View of Paro Taktsang
|Location||Paro Valley, Paro District, Bhutan|
|Sect||Drukpa Kagyu and Nyingma|
Paro Taktsang (Dzongkha: སྤ་གྲོ་སྟག་ཚང་, also known as the Taktsang Palphug Monastery and the Tiger's Nest), is a prominent Himalayan Buddhist sacred site and the temple complex is located in the cliffside of the upper Paro valley in Bhutan.
A temple complex was first built in 1692, around the Taktsang Senge Samdup cave where Guru Padmasambhava is said to have meditated for three years, three months, three weeks, three days and three hours in the 8th century. Padmasambhava is credited with introducing Buddhism to Bhutan and is the tutelary deity of the country. Today, Paro Taktsang is the best known of the thirteen taktsang or "tiger lair" caves in which he meditated.
The temple devoted to Padmasambhava (also known as Gu-ru mTshan-brgyad Lhakhang, "the Temple of the Guru with Eight Names") is an elegant structure built around the cave in 1692 by Gyalse Tenzin Rabgye. It has become the cultural icon of Bhutan. A popular festival, known as the Tsechu, held in honor of Padmasambhava, is celebrated in the Paro valley sometime during March or April.
Background and legends
According to the legend related to this Taktsang (which in Tibetan language is spelled stag tshang), which literally means "Tiger's lair", it is believed that Padmasambhava (Guru Rinpoche) flew to this location from Tibet on the back of a tigress from Khenpajong. This place was consecrated to tame the Tiger demon.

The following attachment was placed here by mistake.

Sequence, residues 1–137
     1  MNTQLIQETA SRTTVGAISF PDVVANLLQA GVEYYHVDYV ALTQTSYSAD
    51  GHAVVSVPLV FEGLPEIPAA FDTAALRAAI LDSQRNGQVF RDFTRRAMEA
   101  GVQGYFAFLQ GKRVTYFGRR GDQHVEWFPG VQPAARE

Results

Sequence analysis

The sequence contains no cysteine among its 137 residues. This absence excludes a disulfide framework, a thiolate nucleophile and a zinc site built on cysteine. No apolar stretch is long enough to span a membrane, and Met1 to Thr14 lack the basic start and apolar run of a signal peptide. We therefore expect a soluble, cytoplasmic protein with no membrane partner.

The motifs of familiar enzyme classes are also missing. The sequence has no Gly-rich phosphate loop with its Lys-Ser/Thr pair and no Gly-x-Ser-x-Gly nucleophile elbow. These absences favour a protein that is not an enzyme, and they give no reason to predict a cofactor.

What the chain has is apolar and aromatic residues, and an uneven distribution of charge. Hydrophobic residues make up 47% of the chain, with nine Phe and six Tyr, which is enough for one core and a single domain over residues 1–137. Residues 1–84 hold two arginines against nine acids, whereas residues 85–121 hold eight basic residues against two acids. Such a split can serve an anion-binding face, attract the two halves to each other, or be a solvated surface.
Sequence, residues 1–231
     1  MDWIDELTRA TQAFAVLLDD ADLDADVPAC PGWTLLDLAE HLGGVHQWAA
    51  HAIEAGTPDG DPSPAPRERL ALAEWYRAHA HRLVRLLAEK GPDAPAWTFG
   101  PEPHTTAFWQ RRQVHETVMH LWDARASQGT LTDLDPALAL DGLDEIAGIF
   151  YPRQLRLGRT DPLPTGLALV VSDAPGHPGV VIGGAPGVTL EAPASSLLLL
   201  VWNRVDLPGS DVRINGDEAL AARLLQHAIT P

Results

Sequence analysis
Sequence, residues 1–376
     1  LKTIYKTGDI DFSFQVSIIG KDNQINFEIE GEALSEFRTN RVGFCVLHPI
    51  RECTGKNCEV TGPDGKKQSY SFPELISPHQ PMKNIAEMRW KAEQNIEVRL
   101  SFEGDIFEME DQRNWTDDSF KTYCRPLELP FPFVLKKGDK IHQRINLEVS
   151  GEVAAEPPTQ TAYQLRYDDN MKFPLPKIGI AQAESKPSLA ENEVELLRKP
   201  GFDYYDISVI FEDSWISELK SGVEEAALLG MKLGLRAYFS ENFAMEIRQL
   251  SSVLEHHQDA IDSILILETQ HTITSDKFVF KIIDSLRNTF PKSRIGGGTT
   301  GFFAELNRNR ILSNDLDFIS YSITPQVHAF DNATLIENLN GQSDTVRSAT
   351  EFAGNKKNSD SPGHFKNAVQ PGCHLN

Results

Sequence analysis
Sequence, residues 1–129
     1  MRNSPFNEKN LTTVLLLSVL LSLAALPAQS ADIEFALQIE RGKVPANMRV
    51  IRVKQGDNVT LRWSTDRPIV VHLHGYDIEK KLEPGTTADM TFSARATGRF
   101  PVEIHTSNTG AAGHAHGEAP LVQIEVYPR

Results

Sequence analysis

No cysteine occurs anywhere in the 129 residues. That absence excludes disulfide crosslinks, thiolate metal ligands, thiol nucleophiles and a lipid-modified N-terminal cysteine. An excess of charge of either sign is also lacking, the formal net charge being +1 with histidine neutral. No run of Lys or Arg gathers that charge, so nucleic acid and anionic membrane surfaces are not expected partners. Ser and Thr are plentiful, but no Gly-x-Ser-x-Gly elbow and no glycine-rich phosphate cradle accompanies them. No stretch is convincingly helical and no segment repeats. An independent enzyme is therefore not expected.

An alternative legend holds that a former wife of an emperor, known as Yeshe Tsogyal, willingly became a disciple of Guru Rinpoche (Padmasambahva) in Tibet. She transformed herself into a tigress and carried the Guru on her back from Tibet to the present location of the Taktsang in Bhutan. In one of the caves here, the Guru then performed meditation and emerged in eight incarnated forms (manifestations) and the place became holy. Subsequently, the place came to be known as the “Tiger's Nest”.
The popular legend of the Taktsang monastery is further embellished with the story of Tenzin Rabgye, who built the temple here in 1692. It has been mentioned by authors that the 8th century guru Padmasmabhava had reincarnated again in the form of Tenzin Rabgye. The corroborative proofs mooted are: that Tenzin Rabgye was seen (by his friends) concurrently inside and outside his cave; even a small quantity of food was adequate to feed all visitors; no one was injured during worship (in spite of the approach track to the monastery being dangerous and slippery); and the people of the Paro valley saw in the sky various animal forms and religious symbols including a shower of flowers that appeared and also vanished in the air without touching the earth.